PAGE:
Another new downtown hotel planned; Macon Rocks Climbing Gym project update

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Liz Fabian

A new Avid hotel could open as early as August of 2021 on this vacant lot at 567 Second St. in downtown Macon.

By the end of next summer, InterContinental Hotels Group, or IHG, hopes to open a new Avid hotel in downtown Macon.

Crow Hospitality Investment Group’s John Crow presented his plan Monday to the Design Review Board of the Macon-Bibb County Planning and Zoning Commission.

On the vacant lot at 555-567 Second St., between Poplar and Plum streets, Five Fifty Five LLC proposes a four-story, 87-room, limited service hotel with no restaurant or bar.

A “grab-and-go” pantry would offer prepared food items and beverages for take-out.

This would be the community’s second Avid hotel after P&Z approved in February a 92-room location at 3969 River Place Drive off of Arkwright Road.

“It’s a prototype plan as we have to balance meeting brand standards with any requirements that you all have,” Crow told the board as they looked over the design from the newest division of IHG.

Although the nearly 40,000 square foot hotel would front Second Street next to Larry Bush’s Riverside Tire, the main entrance would be on the Poplar Street Lane alley.

“It’s an urban location. We wanted the front to have a storefront kind of look with glass panels, brick accents and the doors coming in,” Crow said.

The bulk of the building will be synthetic stucco known as Exterior Insulating Finish Systems panels, or EIFS, the staff report noted.

“In this case, these new materials are not visually similar to the traditional materials of nearby historic buildings. … The goal for compatible new buildings in historic districts is high-quality design and construction that respects nearly historic buildings,” the report stated.

The review board has approved similar materials in downtown and signed off on this proposal with a couple of reservations concerning signage, parking and emergency access.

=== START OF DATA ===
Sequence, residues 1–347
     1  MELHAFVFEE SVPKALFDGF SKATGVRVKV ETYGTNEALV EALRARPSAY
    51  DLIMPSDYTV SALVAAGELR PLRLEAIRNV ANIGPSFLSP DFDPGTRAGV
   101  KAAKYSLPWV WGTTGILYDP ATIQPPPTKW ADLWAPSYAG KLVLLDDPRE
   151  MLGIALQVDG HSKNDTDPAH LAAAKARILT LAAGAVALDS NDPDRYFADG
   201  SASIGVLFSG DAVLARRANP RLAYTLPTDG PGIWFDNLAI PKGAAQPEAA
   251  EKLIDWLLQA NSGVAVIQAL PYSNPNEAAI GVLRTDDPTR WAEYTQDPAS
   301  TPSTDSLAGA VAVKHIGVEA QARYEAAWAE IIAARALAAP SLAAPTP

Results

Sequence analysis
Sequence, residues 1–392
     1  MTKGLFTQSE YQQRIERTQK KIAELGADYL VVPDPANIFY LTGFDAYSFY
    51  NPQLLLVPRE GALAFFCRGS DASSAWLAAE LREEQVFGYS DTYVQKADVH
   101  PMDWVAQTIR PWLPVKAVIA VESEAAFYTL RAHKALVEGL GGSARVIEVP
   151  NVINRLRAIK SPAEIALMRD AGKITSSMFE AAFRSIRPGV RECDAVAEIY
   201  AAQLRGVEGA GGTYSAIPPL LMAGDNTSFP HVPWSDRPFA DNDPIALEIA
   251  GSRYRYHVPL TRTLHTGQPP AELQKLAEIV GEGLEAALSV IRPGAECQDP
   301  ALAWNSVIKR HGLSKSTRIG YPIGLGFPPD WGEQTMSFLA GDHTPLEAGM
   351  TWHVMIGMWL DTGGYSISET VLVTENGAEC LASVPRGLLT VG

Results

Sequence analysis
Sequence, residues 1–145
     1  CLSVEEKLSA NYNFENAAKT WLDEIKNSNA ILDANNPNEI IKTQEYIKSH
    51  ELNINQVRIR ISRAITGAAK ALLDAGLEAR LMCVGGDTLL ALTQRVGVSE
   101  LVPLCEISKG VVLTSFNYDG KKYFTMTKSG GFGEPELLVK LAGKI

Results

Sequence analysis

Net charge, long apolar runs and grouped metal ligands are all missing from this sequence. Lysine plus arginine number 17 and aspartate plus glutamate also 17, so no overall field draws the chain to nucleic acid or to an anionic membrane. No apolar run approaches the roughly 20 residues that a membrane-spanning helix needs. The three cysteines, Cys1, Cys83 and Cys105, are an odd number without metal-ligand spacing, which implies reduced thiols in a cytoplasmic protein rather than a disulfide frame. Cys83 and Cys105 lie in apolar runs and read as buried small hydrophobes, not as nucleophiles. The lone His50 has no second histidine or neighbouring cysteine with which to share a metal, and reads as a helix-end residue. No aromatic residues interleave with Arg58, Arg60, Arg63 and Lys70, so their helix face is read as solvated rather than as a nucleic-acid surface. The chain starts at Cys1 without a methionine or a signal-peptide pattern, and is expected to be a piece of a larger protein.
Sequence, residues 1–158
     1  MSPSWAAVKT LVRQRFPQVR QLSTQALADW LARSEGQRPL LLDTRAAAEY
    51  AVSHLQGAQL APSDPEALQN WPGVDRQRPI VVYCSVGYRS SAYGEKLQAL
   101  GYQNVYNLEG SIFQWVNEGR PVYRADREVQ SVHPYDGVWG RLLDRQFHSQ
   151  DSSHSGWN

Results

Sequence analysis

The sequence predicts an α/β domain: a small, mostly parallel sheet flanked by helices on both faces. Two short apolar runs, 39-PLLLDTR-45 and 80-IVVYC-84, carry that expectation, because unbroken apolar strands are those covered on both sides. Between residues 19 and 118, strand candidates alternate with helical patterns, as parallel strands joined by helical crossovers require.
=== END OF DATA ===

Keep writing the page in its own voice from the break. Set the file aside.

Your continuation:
Crow explained that when the hotel was first proposed, property owners MMI-Thornton LLC planned to develop the whole “Central City Commons” block and were in negotiations to build a six-level parking deck with 427 spaces covered by a canopy of solar panels. That stalled parking project was key to the previously announced 140-room Hyatt Place full-service hotel with rooftop terrace and sidewalk café proposed for Poplar Street between First and Second streets. The fate of that project is uncertain.

The new Avid hotel would have 44 parking spaces on the lot and additional parking nearby through an agreement with partners, Crow said.

On the right side of the hotel is the newly renovated Crescent Building, now marketed as Central City Commons office space, which originally was considered a Phase II project of the Central City Commons block.

Board members questioned whether fire trucks would have adequate access to the building and suggested developers meet with county engineers.

The hotel’s lighted sign on the building that spells out Avid in lower case letters will also have to come back before the Design Review Board along with a smaller sidewalk level entryway sign.

The project will go before the full commission Monday for final approval of the design and a conditional use application. If approved, the company hopes to begin construction in October and finish by August of 2021.

New gym could rock downtown this fall 

Weeks of rain, steel shortages and COVID-19 have delayed the opening of Macon Rocks Climbing Gym until late this year.

Bryan Nichols, of Capricorn Investment Group LLC, returned Monday to the Design Review Board for revisions to his plans for the Macon Rocks Climbing Gym at 527 D.T. Walton Sr. Way near Poplar Street and Government Center.

Nichols revised his plans after he was told the project was not eligible for historic tax credits because the third floor was added in the 50s. Development Review Officer Adriane Wood disputed that since early maps show it was built as a three-story building.

To bring the building in line with the old Capricorn office building next door, Nichols wants to put stucco on the disputed upper floor, which is brick.

The board approved the stucco and a new wooden front entry way for the business that Nichols hopes to open by the end of November when he will light up downtown again for the Christmas Light Extravaganza.

Although he initially planned to open by this summer, delays turned out to be a blessing with the onset of COVID-19.

“We originally wanted to be open by the Olympics because rock climbing was going to be in the Olympics for the first time this year,” Nichols said.

The coronavirus was preceded by weeks of rain, then came a steel shortage and the postponement of the Summer Games.

“So we can slow down and I’m really looking forward to opening up before Christmas,” he said.

The plans go before the full P&Z commission Monday.

Contact Civic Reporting Senior Fellow Liz Fabian at 478-301-2976 or [email protected]